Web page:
Sausage Links

In this instance, you just might feel better when you see how the sausage is made.

No, this isn’t a story about what happened to the little piggy that went to market. It’s about what happens to your dollar once it leaves your hand at the grocery aisle or restaurant checkout.

Data from the U.S. Department of Agriculture tells us that, on average, about 38.5 cents of every dollar Americans spend on food will pay for off-farm labor. Throw in about 8 cents for packaging, 4 cents for transportation, 3.5 cents for energy, 4 cents in advertising and some change for other normal costs of business.

In the end, you’re left with about 19 cents that goes back to the farmer.

And although it’s a relatively small portion, the state’s consumers may consider that 19 cents well spent.

From their favorite vendor at the farmers market to great-grandpa who used to plow with horses – it’s not hard to find an Ohioan who values knowing someone who connects them to their food.

So who exactly does your purchase impact?

About 1 million Ohioans are employed in the food and agriculture sector, which is a $93 billion economic engine and Ohio’s largest industry. Ohio also exported $2.68 billion in farm products last year, helping the state become the seventh largest exporter in the nation.

Of course there are also challenges. An increase in costs, a market downturn or new regulations that hamper one sector of the food system could be amplified as those impacts are felt by related businesses.

For example, North Star Hardware’s Stammen said a drop in livestock production “would change the number of equipment dealers significantly in this area and would change the array of products for sure.”

Stammen is well aware of tight margins and uncertainty in the market that farmers face. It’s part of the reason he said he is amazed when he walks into fully stocked grocery stores.

“It’s truly remarkable. We all take it for granted, me included,” he said of U.S. food production. “This country has an abundance of great farmers that put out a lot of product for the American people and we are so well taken care of.”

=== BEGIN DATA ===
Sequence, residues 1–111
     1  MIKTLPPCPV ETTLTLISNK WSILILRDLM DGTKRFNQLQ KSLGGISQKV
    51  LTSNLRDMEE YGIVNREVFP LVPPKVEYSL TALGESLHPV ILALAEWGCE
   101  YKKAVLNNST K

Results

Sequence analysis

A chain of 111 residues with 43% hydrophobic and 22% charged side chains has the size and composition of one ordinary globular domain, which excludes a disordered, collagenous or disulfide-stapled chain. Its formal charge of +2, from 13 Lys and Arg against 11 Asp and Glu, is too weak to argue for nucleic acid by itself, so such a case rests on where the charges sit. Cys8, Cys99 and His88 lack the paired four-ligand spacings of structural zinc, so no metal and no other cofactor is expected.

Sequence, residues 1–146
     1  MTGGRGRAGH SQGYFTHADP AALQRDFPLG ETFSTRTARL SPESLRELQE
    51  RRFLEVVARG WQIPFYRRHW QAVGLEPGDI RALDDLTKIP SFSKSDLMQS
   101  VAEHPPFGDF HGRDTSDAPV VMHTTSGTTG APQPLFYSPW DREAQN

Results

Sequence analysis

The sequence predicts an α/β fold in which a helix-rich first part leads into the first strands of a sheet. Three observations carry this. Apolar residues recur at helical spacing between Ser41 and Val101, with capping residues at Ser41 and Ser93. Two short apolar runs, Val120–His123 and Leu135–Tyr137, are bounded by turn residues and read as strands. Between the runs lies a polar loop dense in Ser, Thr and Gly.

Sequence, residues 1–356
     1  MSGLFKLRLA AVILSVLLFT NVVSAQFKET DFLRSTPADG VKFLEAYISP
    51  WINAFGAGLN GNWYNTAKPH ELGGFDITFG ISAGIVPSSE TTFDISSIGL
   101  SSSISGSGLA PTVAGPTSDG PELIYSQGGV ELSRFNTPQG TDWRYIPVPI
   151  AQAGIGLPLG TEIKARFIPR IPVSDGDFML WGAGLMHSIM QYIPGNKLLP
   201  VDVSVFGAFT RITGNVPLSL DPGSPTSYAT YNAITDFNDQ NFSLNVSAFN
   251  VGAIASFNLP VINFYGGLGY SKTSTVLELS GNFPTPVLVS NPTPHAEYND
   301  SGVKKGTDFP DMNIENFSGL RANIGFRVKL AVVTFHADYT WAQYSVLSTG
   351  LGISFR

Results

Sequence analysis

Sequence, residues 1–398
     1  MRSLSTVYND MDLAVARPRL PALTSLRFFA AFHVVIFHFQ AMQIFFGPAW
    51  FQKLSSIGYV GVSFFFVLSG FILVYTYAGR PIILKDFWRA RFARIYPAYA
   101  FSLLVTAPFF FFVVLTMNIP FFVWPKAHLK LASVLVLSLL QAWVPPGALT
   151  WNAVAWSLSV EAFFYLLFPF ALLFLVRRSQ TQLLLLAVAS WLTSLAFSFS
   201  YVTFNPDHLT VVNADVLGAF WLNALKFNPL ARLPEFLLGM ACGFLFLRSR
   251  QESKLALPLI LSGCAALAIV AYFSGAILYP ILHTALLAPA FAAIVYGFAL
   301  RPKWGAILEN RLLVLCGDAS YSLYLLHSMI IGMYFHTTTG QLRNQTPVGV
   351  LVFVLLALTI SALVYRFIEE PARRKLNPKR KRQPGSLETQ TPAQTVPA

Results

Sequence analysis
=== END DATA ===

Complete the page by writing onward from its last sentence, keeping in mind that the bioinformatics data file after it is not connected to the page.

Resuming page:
At the store
For this example, start by considering late Ohio cattleman and sausage-legend Bob Evans.

When you pick up a pack of sausage that bears his name at the grocery store, the obvious link takes you to the food and restaurant business that Evans started more than 60 years ago and has since become one of the states’s most recognized brands.

On the farm
Keep going and you’ll find some of your money was passed along to Cooper Farms. Once a small Ohio turkey farm, the company has been growing since 1938 and now provides turkeys and hogs for Bob Evans as well as several major retailers.

From Cooper Farms you can trace your dollar to the nearly 250 farming families it works with to raise livestock and poultry. Neil and Gina Boeckman started raising turkeys for Cooper Farms on their Mercer County farm in 1996 and shortly after added hogs to their farm.

Into the community
Seeds don’t plant themselves, however. So some of your dollar will also travel to places like North Star Hardware in western Ohio, which sells everything from planting and harvesting equipment, to grain storage bins to skid loaders that clean up manure.

“If your farming customers have a good year, they’ve got good crops, they’re going to spend the money,” said Jerry Stammen, whose family operates the 86-year-old business. “You can definitely tell when farmers have a good year and they’ve made some money because they will spend that money to improve their operation.”

He credits much of his businesses’ success to a vibrant local farming sector that includes a number of family livestock farms, which in turn support area crop growers.

“You can’t stay in business for 86 years without the support of the local farm community,” he said. “We need those farmers out there and those farmers need us.”

It starts with a seed
But perhaps it’s someone like Fred Pond in Van Wert County, who should come to mind the next time you take a bite of sausage.

After all, sausage comes from hogs, which eat grain meal, which comes from soybeans, which are grown from seeds, which Pond’s family has been producing since 1927.

“I love doing what I’m doing. I like working with local farmers,” said Pond, who relies on several area growers for his seeds. “We really like that we can keep it all local.”

At the same time, he said, it’s important for farmers to have nearby businesses that can produce seeds tailored to local conditions.